*Enggist-Dueblin, P. and U. Pfister. (1997). Communication in ravens (Corvus corax): call use in interactions between pair partners. Advances in Ethology 32:122. 

When compared with American Crows, Common Ravens have longer wings which help them make use of wind currents and up-wellings. Crows have shorter, rounder wings and their nearly constant wingbeats give them away. You can read more about how they compare by Clicking Here. Another new phrase, which I just learned lately, is 'If it's rowing, it's crowing!' This seems like an excellent memory tool for distinguishing distant crows from ravens.  Thank you, Bev.

For the last year, I have been waiting and hoping to see signs of nest building. This week, I was lucky to see at least two ravens moving through the upper branches of tall trees. As they worked they seemed to appear only momentarily before blending back into the shadows.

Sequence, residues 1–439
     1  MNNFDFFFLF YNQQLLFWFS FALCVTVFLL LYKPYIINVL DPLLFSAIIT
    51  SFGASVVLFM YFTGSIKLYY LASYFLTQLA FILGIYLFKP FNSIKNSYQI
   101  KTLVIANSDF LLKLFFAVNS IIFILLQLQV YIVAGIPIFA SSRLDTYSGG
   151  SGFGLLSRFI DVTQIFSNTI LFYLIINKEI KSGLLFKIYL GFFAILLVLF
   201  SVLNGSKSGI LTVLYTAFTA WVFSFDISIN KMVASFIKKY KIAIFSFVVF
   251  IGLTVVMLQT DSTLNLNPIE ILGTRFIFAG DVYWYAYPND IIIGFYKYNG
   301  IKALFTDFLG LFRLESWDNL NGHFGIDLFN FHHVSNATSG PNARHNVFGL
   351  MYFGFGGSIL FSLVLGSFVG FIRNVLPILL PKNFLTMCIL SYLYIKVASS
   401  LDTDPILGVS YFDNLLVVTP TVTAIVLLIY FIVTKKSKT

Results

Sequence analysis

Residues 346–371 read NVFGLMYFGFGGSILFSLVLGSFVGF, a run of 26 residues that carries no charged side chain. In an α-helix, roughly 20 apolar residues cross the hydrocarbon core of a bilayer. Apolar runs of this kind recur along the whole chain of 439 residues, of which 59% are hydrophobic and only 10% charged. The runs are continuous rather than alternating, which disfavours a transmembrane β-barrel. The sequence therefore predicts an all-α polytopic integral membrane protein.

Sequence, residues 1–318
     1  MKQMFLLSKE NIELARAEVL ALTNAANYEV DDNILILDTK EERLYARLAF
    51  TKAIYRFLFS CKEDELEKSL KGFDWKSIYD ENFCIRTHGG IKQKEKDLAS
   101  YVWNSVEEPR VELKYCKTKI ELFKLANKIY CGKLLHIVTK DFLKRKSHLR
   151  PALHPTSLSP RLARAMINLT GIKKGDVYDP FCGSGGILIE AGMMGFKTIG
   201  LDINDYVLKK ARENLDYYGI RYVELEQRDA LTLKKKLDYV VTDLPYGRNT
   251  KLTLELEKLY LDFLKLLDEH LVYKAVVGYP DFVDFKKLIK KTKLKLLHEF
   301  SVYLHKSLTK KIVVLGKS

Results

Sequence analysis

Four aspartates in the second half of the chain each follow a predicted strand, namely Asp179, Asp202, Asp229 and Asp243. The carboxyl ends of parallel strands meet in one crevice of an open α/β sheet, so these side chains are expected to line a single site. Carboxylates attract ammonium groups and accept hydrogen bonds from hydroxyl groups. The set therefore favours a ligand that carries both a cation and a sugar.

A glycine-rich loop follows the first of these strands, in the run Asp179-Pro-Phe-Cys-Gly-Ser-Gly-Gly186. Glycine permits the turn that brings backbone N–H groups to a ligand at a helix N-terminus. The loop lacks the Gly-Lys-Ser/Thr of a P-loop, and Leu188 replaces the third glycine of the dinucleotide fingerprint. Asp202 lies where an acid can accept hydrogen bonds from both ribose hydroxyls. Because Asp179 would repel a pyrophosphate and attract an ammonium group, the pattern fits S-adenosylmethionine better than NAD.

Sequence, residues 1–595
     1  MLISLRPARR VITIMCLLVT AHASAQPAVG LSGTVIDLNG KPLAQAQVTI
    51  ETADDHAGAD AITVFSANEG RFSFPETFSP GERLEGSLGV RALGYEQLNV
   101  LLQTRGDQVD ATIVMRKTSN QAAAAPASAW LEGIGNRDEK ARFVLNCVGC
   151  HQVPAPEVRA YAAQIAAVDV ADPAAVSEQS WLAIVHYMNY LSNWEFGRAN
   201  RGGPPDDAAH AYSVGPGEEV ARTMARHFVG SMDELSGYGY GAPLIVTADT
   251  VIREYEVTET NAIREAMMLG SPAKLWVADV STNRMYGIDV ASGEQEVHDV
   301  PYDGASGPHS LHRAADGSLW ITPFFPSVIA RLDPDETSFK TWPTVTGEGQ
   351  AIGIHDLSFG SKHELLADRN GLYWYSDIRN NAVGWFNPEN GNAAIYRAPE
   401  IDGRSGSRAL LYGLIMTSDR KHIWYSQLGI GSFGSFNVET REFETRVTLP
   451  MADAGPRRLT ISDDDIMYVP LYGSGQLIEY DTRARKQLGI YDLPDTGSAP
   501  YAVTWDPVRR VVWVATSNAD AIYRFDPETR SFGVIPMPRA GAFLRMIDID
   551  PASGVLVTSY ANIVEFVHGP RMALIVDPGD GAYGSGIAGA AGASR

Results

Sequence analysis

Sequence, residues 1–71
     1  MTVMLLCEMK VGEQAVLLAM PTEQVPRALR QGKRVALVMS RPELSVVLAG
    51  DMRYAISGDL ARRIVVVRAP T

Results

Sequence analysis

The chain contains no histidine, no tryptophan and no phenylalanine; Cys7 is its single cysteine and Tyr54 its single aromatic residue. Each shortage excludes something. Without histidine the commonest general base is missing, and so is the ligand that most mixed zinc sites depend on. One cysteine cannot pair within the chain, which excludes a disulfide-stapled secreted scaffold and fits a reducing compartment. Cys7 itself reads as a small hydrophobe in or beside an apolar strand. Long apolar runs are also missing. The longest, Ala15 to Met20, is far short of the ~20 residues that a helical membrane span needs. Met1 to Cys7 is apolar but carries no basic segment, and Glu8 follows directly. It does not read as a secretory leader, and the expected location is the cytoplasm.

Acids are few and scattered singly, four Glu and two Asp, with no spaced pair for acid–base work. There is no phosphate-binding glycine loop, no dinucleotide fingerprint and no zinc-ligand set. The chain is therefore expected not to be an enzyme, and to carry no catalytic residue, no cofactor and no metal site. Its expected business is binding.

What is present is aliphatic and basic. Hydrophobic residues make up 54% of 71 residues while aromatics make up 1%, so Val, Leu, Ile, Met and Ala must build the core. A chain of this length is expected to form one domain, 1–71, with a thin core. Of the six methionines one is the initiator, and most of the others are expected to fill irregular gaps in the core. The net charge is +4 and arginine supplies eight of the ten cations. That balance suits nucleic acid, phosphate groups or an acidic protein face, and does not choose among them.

They seemed to prefer the tallest of the native trees and they worked on limbs which were quite high but with cover overhead. 

On Monday, it became evident that the ravens were nest building. I was somewhat surprised to see them carrying green branches with foliage still attached. I wondered if the foliage might indicate that their nest is nearing completion.

However, they also carried branches without foliage.

They worked at two different sites. Surprisingly, I cannot find any mention of ravens building two nests at one time. BNA* says, '... Nonetheless, despite more than 1,400 research  reports and articles on this bird in the scientific literature, there are many gaps in our expanding knowledge of this fascinating species.'

I also could not prove that I saw only one pair of ravens, maybe there were two pairs, but I doubt it. The 'nest' sites seem simply too close for comfort.

The next day, I saw one of the ravens chase a Red-tailed Hawk out of the Arboretum. Red-tails and Ravens are of a similar size but the hawk is endowed with the talons and tools of a predator. The second raven trailed behind the first one, apparently ready to provide air support if needed. The first raven's courage and indignation carried the day. The hawk's focus was on escaping.